In the XRD patterns in Figure 10, a peak corresponding to the original ZrO2 powder (3Y-TZP, XRD pattern similar to t-ZrO2) is absent for the 400 W specimen. Moreover, only small quantities of ZrO2 are detected in the 800 W and 1200 W samples. In other words, most of the ZrO2 particles melt and undergo phase transformation during the laser cladding process. However, FA is still present in all three samples. Thus, it is inferred that even though the original FA powder melts completely during the laser-cladding process, the high thermal stability of the FA powder and the short residence time of the powder at high temperature result in only a partial decomposition of the FA to TTCP and CaO. However, as the laser power increases, the extent of FA decomposition also increases. Thus, for the specimens prepared using higher laser powers of 800 W and 1200 W, respectively, the intensity of the TTCP and CaO peaks in the XRD patterns increases.
Under the high temperatures produced during the laser cladding process, the ZrO2 particles reside in a molten state and the diffusion of Ca ions into the ZrO2 particles is enhanced. Consequently, CaZrO3 is formed during cooling in accordance with Reaction (5) above. Furthermore, CaO is unstable and reacts with CO2 to form calcium carbonate (CaCO3) in air . As the temperature increases, more of the original FA powder decomposes as CaO, and hence the quantity of CaCO3 increases. In addition, Al2O3 is produced via the reaction between Al atoms diffused from the substrate and the coating material atoms or environmental O atoms. Finally, CaTiO3 is produced through a reaction between the decomposed or melted FA and the Ti6Al4V substrate.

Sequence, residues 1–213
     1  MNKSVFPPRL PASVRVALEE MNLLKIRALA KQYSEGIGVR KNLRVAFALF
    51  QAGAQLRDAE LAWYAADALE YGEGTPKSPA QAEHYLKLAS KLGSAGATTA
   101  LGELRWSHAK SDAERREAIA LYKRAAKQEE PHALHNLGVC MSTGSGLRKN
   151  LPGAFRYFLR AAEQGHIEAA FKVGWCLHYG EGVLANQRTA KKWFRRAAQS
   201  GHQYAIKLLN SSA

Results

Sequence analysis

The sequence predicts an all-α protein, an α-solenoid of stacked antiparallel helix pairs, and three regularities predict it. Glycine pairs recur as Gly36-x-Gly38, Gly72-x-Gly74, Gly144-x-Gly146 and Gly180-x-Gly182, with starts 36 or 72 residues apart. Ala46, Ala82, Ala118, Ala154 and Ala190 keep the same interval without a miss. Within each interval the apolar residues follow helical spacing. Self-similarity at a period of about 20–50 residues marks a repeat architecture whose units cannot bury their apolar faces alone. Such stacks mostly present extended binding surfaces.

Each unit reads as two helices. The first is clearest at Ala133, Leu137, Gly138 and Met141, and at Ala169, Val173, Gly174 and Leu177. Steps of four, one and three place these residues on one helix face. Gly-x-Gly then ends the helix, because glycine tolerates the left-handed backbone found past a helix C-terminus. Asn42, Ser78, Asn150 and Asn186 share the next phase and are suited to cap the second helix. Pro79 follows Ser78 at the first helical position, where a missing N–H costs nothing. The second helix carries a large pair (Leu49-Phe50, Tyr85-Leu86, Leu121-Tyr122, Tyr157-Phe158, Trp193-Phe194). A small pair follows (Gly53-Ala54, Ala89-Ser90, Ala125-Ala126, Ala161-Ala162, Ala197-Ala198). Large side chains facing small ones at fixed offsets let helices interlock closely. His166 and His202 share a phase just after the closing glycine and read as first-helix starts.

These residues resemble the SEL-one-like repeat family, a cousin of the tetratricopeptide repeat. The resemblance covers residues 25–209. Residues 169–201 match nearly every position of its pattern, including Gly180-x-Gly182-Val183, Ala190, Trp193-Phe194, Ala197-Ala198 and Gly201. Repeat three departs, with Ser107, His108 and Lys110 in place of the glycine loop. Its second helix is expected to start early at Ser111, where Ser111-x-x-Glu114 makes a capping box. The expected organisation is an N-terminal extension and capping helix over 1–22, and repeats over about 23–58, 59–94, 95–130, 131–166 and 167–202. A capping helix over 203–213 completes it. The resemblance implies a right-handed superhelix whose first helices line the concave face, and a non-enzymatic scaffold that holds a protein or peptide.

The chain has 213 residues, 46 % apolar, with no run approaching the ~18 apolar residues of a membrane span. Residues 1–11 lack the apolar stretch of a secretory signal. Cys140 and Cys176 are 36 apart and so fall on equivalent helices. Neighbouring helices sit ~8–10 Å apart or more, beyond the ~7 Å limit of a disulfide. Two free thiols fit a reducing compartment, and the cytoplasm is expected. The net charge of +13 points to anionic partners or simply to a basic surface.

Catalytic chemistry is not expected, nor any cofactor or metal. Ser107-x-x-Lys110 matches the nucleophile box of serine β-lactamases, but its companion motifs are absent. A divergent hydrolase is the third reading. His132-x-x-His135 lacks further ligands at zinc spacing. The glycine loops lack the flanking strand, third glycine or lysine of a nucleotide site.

For the 400 W sample, the XRD pattern indicates the presence of both m-ZrO2 and CaZrO3 compounds. For the sample prepared with a higher power of 800 W, the intensity of the m-ZrO2 and CaZrO3 peaks increases and a trace amount of t-ZrO2 emerges. However, for the sample prepared using the highest power of 1200 W, the intensity of the t-ZrO2 peak increases, but that of the m-ZrO2 and CaZrO3 peaks decreases. In other words, the original ZrO2 (3Y-TZP) powder melts more completely under high-energy laser irradiation. During the cooling and solidification phase, an allotropic transformation of the ZrO2 compound takes place from the cubic phase (c-ZrO2 2370–2680 °C (melting point)) to the tetragonal phase (t-ZrO2, 1170 °C–2370 °C), and finally to the monoclinic phase (m-ZrO2, room temperature–1170 °C) . For laser cladding at 400 W, the t-ZrO2 phase has sufficient time to transform to m-ZrO2 due to the lower cooling rate (i.e., the lower travel speed). As a result, the ZrO2 exists almost entirely in the monoclinic phase. However, for higher laser powers of 800 W and 1200 W, respectively, insufficient time exists for t-ZrO2 transformationto m-ZrO2 and consequently the quantity of t-ZrO2 increases while that of m-ZrO2 decreases. Notably, no c-ZrO2 is observed in any of the XRD patterns in Figure 10. This finding suggests that the temperature required for c-ZrO2 formation is not maintained for a sufficient length of time during the cooling process, and hence the quantity of c-ZrO2 formed is too low to be detected via XRD analysis.